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South Korean defence minister resigns

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posted on Nov, 25 2010 @ 06:23 AM
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South Korean defence minister resigns


www.cbc.ca

South Korea's defence minister tendered his resignation Thursday, just two days after a North Korea artillery attack killed four people on the small island of Yeonpyeong
(visit the link for the full news article)


Related News Links:
www.koreaherald.com




posted on Nov, 25 2010 @ 06:23 AM
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Interesting turn of events for South Korea. This and other stories are sparse on information. The defence ministry is reportedly under 'criticism' for their response to the North Korean bombardment. The stories (see additional link) do not indicte the nature of the criticism . . . was the responseconsidered too harsh or not harsh enough.

Regardless, seems an odd time for turmoil in any administration.

www.cbc.ca
(visit the link for the full news article)



posted on Nov, 25 2010 @ 06:29 AM
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reply to post by GoalPoster
 


This article says it's because the response wasn't strong enough.




President Lee Myung-Bak accepted the minister's resignation, which follows criticism for the country's allegedly weak response to North Korea's deadly shelling of a border island on Tuesday.


The Australian

Wikipedia says the current government is the Grand National Party which is a conservative governmental which is very pro US and advocates a stricter stance toward North Korea.

This seems like a face saving movement by the government and although I don't know much about the internal politics of South Korea, it would indicate a shift further to the right to cater to the more hardline factions in the party.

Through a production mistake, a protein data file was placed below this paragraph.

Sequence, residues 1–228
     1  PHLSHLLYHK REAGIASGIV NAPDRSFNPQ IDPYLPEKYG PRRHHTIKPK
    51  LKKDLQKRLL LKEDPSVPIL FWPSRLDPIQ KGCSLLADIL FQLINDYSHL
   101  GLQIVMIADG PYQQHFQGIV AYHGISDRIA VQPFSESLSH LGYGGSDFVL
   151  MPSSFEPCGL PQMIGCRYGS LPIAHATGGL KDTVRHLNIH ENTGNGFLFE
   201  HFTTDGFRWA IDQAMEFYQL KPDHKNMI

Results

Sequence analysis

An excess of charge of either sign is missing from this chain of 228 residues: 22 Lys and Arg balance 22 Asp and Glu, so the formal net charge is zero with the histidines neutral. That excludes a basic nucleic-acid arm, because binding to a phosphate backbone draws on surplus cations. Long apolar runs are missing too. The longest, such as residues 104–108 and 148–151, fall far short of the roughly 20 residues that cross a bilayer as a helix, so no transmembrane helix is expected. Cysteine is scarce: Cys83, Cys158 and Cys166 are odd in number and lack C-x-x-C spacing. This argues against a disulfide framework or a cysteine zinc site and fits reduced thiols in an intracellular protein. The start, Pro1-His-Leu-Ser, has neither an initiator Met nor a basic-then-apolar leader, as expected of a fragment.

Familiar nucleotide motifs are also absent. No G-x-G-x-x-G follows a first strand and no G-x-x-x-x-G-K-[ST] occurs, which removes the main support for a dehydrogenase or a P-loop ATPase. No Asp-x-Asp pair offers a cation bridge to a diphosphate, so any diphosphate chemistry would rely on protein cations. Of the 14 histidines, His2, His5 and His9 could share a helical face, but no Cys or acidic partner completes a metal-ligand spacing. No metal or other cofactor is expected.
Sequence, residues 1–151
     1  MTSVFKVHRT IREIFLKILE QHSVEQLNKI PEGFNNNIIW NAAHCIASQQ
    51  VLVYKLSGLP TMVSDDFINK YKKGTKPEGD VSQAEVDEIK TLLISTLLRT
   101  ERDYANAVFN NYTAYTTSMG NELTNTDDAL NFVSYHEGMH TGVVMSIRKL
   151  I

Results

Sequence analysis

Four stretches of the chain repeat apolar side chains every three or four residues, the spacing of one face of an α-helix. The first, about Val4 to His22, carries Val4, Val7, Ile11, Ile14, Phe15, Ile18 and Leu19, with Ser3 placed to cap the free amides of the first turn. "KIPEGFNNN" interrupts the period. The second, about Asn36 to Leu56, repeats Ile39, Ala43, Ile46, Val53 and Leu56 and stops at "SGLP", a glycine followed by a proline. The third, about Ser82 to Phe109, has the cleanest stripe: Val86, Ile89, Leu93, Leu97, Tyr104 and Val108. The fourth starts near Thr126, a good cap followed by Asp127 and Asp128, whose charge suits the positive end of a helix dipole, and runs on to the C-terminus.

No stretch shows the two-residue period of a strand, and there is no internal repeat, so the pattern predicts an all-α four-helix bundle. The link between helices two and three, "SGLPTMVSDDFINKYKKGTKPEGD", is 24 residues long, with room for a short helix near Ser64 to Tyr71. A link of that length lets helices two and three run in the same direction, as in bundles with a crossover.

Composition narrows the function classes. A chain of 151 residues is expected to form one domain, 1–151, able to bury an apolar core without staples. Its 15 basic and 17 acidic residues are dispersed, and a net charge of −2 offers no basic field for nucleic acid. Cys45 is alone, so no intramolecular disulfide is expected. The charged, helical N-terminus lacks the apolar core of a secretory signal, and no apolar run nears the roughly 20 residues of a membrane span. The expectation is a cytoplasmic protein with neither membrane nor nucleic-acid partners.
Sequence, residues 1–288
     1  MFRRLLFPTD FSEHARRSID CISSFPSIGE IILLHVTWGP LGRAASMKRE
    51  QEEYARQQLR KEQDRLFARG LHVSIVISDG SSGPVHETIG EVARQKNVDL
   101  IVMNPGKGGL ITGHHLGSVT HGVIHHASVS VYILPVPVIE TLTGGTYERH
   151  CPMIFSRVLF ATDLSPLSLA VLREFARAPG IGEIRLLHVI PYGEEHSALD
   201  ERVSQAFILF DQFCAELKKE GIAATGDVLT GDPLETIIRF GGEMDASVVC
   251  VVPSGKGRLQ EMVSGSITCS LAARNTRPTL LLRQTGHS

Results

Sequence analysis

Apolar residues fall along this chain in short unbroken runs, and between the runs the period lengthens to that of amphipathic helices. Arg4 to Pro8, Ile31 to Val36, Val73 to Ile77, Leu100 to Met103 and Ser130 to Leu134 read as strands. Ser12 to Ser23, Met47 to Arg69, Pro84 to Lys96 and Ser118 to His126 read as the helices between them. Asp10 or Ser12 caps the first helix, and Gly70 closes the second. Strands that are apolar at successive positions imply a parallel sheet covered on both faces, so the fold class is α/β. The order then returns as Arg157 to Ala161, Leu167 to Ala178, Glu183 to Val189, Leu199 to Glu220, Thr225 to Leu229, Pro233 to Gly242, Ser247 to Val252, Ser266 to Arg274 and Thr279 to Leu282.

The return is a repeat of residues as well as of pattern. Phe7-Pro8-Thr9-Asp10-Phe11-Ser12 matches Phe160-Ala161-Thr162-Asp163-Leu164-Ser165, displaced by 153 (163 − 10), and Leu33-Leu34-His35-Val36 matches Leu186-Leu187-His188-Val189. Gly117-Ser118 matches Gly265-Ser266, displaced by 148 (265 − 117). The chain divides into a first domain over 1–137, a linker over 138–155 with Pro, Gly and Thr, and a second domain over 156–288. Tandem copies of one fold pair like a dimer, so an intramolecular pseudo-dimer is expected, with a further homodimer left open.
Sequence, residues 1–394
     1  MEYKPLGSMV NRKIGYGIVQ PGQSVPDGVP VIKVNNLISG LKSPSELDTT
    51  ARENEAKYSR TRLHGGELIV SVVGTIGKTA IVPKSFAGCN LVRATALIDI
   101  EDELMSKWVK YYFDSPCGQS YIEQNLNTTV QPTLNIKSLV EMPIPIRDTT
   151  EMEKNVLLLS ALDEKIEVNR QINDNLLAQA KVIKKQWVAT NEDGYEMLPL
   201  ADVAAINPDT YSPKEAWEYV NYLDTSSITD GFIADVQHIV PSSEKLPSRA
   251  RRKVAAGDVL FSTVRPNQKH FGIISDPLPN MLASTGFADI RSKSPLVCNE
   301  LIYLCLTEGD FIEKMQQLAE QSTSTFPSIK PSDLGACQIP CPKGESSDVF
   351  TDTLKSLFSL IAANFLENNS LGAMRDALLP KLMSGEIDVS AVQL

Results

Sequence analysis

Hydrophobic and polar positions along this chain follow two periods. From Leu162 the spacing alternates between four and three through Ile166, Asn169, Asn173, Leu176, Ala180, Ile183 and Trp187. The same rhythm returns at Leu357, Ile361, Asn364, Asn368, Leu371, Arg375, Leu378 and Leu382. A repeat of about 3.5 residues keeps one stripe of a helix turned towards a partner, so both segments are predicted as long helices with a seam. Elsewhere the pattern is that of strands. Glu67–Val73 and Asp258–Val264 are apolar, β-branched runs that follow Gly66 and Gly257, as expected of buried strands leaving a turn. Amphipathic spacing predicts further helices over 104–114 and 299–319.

posted on Nov, 25 2010 @ 06:46 AM
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reply to post by GoalPoster
 


I think America is reading ATS


Not long ago, many ATS members, and me, said that the weak US response in the face of this attack sent a signal to China, that signal will be used as bases for future policies regarding the US, and its proxy states.



posted on Nov, 25 2010 @ 06:51 AM
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It may be part of a policy of zero tolerance towards actions conducted by North Korea, perhaps his replacement will be a little more extreme. It may also be related to his comments about a review into the return of US tactical nukes made the day before the artillery exchange, which some could perceive as having prompted the strike by North Korea.

Or perhaps it is just meant to look as if he was removed from his post because of an unsatisfactory response. It’s likely to be a message to Pyongyang in some shape or form.



posted on Nov, 25 2010 @ 06:51 AM
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Here's a rather good read on what's going on and, in my opinion, provides some insight as to why it may be perceived that the South Korean response was 'weak' . . .

Good informative read . . .


Such hardening aggression against the South suggests that the Dear Leader's recently anointed successor, his baby-faced third son, Kim Jong-un, has already begun the process of cementing his power base in the military-first society. The recent escalation in fact is analagous to the deadly antics of Kim Jong-il in his early years as ruler-in-waiting. In 1983, he was thought to have orchestrated the attempted assassination of the South Korean president, who was traveling in Burma at the time. The failed attempt killed 21 people, including several members of the South Korean cabinet.



posted on Nov, 25 2010 @ 06:55 AM
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One second.....

*Tin foil hat*

They obviously bribed, and threatened him to resign so they could put somebody that is going to act in the interests of the Elite. Just wait and see...the dumbest retaliation will happen.

*tin foil hat off*

Whats a defense minister?



posted on Nov, 25 2010 @ 07:01 AM
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Originally posted by gandhi
They obviously bribed, and threatened him to resign so they could put somebody that is going to act in the interests of the Elite.